UK – Pension schemes have responded to a consultation on ultra-long government bonds, the Debt Management Office says.
The move comes as Merrill Lynch has said that a lack of government action on issuing long-dated bonds is “punishing UK private sector companies” by causing pension deficits to rise.
“The DMO issued a consultation document in effort to gauge whether there is a demand for new ultra-long gilt instruments and we have received responses from a variety of sources including pension funds, representative bodies, academics, investment banks and members of the public,” a spokeswoman for the DMO said.
She said the names of the respondents would be released when the government’s response is published alongside the annual budget.
The DMO launched its consultation about the possible introduction of 50-year conventional and index-linked gilts and 50-year annuity type gilts in December last year following talks with the pension industry in the summer.
Meanwhile, Merrill Lynch has called for radical action in the area to ease pension deficits.
“The UK desperately needs higher long-dated inflation-linked and nominal supply,” Merrill said. “Pension deficits increased in 2004 due to falling 30-year yields (i.e. falling discount factors) and rising longevity.”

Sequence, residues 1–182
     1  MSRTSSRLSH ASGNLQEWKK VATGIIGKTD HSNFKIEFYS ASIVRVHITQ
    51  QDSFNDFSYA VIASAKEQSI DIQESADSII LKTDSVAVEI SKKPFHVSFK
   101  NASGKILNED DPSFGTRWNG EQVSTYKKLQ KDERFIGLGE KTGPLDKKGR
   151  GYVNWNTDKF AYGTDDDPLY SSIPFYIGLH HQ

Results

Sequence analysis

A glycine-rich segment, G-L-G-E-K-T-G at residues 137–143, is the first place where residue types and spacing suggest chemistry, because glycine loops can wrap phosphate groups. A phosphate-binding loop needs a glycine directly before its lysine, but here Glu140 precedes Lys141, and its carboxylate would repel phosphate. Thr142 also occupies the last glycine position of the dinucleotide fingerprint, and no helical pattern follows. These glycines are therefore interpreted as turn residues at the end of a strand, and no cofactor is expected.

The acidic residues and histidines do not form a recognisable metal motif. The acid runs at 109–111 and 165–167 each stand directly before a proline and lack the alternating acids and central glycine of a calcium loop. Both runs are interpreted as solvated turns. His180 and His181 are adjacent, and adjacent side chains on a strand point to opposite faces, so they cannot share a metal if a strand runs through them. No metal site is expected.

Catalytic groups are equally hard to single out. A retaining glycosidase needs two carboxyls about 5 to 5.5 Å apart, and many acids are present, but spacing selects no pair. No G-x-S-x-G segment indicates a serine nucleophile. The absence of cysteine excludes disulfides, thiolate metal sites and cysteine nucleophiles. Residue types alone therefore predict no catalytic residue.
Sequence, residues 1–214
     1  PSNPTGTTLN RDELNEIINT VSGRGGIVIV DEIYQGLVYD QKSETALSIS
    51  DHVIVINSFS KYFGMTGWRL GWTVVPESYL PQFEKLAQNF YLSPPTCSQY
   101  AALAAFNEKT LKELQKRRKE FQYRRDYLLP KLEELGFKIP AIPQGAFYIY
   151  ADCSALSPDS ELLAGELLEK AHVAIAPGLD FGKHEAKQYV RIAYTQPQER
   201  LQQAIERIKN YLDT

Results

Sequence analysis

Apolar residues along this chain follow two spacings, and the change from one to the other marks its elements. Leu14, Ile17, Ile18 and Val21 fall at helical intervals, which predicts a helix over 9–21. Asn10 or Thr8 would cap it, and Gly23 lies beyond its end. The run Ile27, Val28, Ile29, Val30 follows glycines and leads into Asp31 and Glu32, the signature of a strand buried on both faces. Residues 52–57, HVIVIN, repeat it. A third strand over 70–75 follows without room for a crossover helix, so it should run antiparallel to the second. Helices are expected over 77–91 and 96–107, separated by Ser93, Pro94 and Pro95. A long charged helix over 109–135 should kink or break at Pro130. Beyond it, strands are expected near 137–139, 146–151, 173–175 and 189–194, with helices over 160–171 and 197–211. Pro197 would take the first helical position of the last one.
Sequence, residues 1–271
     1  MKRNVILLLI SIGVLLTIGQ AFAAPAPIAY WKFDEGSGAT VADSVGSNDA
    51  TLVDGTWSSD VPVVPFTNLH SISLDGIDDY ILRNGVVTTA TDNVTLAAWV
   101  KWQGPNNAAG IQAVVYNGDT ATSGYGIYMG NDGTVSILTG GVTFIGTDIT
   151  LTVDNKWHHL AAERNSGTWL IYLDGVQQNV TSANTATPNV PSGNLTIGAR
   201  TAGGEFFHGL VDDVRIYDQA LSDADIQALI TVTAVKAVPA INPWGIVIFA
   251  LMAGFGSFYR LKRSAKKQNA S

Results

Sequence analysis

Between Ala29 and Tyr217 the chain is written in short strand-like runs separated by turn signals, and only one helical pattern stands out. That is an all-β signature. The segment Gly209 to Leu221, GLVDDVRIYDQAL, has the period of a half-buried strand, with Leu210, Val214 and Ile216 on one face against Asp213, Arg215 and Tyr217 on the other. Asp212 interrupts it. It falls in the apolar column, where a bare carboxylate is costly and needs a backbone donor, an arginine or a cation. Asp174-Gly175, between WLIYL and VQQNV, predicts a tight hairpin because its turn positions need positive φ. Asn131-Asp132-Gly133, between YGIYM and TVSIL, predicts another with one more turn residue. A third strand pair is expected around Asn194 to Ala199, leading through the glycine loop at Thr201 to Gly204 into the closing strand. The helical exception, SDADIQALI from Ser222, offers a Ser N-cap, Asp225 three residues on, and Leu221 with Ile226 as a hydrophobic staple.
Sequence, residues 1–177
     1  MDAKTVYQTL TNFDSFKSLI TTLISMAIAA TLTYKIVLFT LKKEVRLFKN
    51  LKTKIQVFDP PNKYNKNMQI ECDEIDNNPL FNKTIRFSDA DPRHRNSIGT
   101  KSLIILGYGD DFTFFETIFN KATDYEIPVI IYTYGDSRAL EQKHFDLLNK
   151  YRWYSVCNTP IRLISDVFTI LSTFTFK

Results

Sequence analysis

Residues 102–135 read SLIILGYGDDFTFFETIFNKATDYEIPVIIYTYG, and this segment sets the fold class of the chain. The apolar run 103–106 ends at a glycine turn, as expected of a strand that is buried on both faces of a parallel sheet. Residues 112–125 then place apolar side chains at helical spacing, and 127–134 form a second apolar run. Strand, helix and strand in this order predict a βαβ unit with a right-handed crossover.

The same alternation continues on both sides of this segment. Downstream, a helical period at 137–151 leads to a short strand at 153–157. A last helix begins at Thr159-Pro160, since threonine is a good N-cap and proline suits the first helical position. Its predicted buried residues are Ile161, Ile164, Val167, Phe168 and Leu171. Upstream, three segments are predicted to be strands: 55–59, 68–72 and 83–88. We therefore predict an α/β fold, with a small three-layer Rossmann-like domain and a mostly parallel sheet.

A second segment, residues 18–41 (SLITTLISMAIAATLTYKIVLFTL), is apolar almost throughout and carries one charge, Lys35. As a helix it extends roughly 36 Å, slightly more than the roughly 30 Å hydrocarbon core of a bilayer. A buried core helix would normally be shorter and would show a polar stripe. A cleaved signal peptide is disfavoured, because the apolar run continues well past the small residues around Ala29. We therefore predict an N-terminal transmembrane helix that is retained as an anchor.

It said this was “deeply troubling” against the background of great asset returns. “The lack of radical government action on this issue is punishing UK private sector company worth.” It added that the new Pensions Act 2004 did not alter the picture of “accelerating” index-linked demand.
“Falling index-linked yields from lack of issuance means deficits are rising, not falling,” it declared.
“The only way to drive yields up is by a more radical approach from the supply side.” It added that tinkering would not be enough.
The debt office did not respond to Merrill’s comments.
Merrill said the DMO proposals would not necessarily help to reduce either deficits or annuity costs, but they would “help brake a clear tendency for them to get worse”.
Merrill said that some pension schemes could be up to three years away from having to address a tougher funding standard than now applies.
The DMO has said there is “widespread support” from market players for its proposals.